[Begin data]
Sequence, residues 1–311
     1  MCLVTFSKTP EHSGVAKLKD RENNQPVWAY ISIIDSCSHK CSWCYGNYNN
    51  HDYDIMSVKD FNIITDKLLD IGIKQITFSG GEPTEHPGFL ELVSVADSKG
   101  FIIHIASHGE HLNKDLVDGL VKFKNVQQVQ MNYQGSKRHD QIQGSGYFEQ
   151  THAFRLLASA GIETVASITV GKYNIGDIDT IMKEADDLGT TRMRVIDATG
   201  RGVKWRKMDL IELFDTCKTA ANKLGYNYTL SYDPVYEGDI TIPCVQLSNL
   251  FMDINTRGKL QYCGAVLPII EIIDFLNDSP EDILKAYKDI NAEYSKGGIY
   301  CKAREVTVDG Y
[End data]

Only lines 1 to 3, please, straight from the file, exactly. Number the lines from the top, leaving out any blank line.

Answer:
Sequence, residues 1–311
     1  MCLVTFSKTP EHSGVAKLKD RENNQPVWAY ISIIDSCSHK CSWCYGNYNN
    51  HDYDIMSVKD FNIITDKLLD IGIKQITFSG GEPTEHPGFL ELVSVADSKG